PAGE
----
Fandi stresses attacking play in MSL

Fandi stresses attacking play in MSL
LionsXII coach Fandi Ahmad (centre, in white) watches on as defender Safuwan Baharudin (L) and striker Khairul Amri tussle for the ball in training.

SINGAPORE- On paper, he has inherited a LionsXII squad weakened by the departures of several key players.

But that will not stop Fandi Ahmad from sending a side out with all guns blazing when the new Malaysian football season starts on Jan 17. After all, as the ex-national captain said: "I like my teams to play attacking football."

He was speaking after yesterday's rain-hit training session that saw the return of the bulk of Singapore's SEA Games bronze-winning squad.

While it was his first up-close look at most of the players at his disposal, Fandi already has plans to adopt an attack-minded 4-3-3 formation for the coming season.

It is a stark contrast to predecessor V. Sundramoorthy's preferred five-man midfield - a more pragmatic approach which helped land the Malaysian Super League (MSL) crown earlier this year.

"We'll try to play 4-3-3 because we have two good wingers," Fandi said in reference to Gabriel Quak and Faris Ramli.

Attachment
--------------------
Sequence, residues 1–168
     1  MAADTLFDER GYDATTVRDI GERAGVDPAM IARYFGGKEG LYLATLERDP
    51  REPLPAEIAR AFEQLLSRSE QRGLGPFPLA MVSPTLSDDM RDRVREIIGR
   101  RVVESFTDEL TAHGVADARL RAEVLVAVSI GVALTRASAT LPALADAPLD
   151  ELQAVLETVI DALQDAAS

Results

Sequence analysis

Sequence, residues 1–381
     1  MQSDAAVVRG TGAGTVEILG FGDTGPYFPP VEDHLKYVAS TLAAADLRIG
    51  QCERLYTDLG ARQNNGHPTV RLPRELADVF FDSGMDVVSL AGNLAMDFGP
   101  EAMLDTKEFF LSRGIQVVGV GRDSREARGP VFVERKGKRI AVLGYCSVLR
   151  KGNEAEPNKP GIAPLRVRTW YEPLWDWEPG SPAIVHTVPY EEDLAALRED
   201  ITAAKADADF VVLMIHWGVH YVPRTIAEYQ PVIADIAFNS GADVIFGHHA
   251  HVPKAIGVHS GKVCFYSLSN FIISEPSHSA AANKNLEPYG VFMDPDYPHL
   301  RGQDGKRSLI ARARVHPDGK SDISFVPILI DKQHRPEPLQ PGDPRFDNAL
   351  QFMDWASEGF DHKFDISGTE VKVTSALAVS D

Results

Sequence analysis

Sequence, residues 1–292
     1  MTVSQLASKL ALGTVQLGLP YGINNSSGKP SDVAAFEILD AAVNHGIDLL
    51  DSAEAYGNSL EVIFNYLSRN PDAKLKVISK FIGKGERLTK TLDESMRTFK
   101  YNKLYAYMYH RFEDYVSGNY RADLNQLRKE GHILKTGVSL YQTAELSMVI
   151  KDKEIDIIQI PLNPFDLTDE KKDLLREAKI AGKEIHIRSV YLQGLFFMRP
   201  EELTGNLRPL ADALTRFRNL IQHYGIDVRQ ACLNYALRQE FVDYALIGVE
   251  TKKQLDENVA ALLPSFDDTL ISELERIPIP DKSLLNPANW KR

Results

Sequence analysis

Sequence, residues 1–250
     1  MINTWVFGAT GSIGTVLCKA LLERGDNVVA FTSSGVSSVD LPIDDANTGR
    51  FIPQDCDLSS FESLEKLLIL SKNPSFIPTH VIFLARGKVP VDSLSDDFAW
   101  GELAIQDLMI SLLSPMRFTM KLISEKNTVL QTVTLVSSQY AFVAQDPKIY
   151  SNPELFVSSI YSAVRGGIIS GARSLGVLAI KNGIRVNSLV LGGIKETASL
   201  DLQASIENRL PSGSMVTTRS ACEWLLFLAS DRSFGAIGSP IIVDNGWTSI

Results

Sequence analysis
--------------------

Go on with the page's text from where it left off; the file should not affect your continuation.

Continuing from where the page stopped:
The latter, 21, enjoyed an unexpectedly successful year in 2012, winning over many fans with his trickery and willingness to run at defenders. Quak, meanwhile, at times flattered to deceive but is evidently a big part of Fandi's plans.

"I hope he's very hungry to play," the LionsXII coach said. "He's fast and skilful; he just needs to keep his focus."

But all the wing wizardry in the world will be for nothing without someone to hit the back of the net. And Fandi admitted that scoring is "the problem".

Both strikers Khairul Amri and Sufian Anuar will likely get chances to impress in Yogyakarta from Jan 3 to 11, when the LionsXII will play three friendlies against Indonesian Premier League sides.

And then there is Shahfiq Ghani, a vital cog of the MSL-winning side who was far from his best at the SEA Games.

"I've had a talk with him," Fandi revealed. "Hopefully, he can be more energetic, more creative."

Shahfiq himself is keen to put his Myanmar nightmare behind him, saying: "It wasn't the best time for me, I just wasn't on form. But it's a new year and I'm ready to fight for my place."

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